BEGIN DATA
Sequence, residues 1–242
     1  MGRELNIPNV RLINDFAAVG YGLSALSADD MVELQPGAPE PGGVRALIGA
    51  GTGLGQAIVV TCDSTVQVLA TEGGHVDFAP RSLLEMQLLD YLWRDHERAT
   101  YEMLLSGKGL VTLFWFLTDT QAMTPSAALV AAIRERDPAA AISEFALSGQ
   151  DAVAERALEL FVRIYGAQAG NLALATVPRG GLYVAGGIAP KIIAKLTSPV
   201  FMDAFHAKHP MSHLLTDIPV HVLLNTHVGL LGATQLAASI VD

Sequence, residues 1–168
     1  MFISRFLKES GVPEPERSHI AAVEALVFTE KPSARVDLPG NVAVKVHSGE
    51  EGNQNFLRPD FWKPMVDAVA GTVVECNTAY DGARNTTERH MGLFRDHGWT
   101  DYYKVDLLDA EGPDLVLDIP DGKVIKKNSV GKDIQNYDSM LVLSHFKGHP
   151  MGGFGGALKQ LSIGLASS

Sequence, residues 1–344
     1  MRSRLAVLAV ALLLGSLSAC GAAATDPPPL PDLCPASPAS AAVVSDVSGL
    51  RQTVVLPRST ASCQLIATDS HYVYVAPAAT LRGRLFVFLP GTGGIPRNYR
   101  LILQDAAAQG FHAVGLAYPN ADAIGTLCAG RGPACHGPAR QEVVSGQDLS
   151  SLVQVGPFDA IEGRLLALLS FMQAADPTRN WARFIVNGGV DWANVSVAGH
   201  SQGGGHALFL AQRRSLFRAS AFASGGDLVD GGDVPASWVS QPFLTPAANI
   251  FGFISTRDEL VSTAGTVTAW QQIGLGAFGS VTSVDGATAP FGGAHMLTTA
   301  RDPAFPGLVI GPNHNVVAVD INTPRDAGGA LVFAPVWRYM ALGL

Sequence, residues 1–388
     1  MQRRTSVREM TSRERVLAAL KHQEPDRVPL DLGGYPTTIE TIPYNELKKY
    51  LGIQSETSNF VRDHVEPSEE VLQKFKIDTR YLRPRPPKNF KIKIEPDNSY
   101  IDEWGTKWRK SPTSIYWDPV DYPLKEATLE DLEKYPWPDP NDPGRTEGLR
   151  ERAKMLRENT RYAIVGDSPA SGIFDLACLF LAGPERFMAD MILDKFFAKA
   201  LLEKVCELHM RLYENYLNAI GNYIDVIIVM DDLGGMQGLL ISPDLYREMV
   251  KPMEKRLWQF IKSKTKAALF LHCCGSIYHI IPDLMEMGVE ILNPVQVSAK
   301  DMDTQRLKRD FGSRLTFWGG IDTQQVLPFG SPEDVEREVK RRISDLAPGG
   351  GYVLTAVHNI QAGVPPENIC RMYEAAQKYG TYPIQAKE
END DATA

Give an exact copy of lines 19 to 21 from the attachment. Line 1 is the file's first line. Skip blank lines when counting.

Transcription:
   301  RDPAFPGLVI GPNHNVVAVD INTPRDAGGA LVFAPVWRYM ALGL

Sequence, residues 1–388
     1  MQRRTSVREM TSRERVLAAL KHQEPDRVPL DLGGYPTTIE TIPYNELKKY